Tag Archives: public opinion

Replacing Demographic Analysis with Something Else

June 11, 2013

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Sometimes I think a demographic analysis is the bane of my existence. Endless bivariate comparisons of various independent variables against the questions asked in the survey. Tedious, often of tenuous value, and, of course, subject to problems of collinearity. Demographic characteristics are not independent of each other. Saying that older people are more likely is […]

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An Historic Evolution of Public Opinion: A Look Back at Same-Sex Marriage in Canada

March 12, 2013

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Public opinion change is not unheard of but when it comes to fundamental beliefs and values, we expect change to take place slowly, if at all. The evolution of Canadian beliefs about same-sex marriage provide an interesting example of dramatic changes that both presupposed and reacted to court decisions.  Courts played a key role in […]

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Why Senate Reform is Not About Public Opinion Right Now and Not Very Likely

February 15, 2013

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Senators have been having a tough time the last few weeks and the institution is looking a lot less like an institution of sober second thought and more like a frat house. But, even if Harper is now regretting his choices and even though he may want senate reform, the recent events do nothing to […]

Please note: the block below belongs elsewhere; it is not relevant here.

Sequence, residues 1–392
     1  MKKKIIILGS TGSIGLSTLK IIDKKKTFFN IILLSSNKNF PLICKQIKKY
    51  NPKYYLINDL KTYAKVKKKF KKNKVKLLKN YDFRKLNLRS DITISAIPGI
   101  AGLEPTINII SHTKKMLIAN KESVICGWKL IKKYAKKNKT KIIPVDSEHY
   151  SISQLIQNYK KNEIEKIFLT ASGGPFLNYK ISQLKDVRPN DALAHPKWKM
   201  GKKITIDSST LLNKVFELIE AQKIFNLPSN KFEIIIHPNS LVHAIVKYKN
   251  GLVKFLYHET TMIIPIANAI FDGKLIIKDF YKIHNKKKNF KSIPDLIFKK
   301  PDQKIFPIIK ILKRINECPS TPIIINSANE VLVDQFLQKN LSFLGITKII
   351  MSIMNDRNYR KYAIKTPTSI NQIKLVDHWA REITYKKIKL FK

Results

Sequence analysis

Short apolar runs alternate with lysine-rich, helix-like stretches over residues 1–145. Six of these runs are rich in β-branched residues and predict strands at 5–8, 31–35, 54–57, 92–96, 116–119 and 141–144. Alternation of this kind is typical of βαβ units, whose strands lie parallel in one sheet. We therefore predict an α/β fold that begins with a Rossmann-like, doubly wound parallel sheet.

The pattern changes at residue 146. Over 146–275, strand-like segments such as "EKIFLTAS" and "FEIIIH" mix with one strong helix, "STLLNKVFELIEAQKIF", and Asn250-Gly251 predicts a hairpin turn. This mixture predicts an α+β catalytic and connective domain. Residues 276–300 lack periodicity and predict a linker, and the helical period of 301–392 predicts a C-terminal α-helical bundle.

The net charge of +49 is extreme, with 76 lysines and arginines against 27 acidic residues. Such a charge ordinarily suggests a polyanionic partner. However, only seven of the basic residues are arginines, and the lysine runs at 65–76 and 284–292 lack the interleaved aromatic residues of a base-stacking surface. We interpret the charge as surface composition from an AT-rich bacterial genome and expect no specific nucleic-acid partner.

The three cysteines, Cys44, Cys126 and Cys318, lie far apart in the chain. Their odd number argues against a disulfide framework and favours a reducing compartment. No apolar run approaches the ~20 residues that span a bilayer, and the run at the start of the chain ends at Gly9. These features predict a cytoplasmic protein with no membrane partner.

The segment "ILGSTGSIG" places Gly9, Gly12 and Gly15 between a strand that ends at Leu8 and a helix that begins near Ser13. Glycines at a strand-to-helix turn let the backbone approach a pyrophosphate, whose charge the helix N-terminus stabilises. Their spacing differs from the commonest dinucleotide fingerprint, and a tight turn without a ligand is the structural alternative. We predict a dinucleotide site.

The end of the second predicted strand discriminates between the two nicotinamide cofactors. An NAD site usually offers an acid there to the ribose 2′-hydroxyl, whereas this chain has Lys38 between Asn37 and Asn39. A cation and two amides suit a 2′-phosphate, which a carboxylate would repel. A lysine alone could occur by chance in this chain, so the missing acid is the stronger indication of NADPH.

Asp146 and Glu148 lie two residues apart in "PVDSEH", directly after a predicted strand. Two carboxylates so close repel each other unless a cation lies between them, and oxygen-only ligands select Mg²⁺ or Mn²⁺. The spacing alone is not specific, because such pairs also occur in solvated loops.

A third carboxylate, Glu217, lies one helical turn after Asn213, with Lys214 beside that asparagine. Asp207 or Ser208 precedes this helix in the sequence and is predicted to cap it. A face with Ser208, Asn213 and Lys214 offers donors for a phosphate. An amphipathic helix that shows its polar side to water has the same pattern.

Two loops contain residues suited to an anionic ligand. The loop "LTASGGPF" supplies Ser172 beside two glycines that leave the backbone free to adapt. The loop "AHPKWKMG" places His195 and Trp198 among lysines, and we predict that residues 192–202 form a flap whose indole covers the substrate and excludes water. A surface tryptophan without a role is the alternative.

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Values, Beliefs and Politics: The Changing Tide of POR about Guns in the U.S.

July 25, 2012

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The most recent shootings in a Colorado movie theatre by a man armed with an automatic weapon has hardly caused a ripple in terms of public demands for gun control. In one way, this is strikingly surprising because we expect dramatic events such of this to focus public opinion on the negative consequences of gun […]

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Two Things to Take Away From the Recent Poll Failure? in Alberta

April 24, 2012

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There will be much hand wringing, considerable hyperbole, and lots of pseudo theories/ explanations for why the polls did not foresee the Conservative majority coming in the 2012 Alberta provincial election. Some attention will inevitably be placed on the methodological rigour of the polling methods but the size of the difference between the polls and the outcome is stunning. […]

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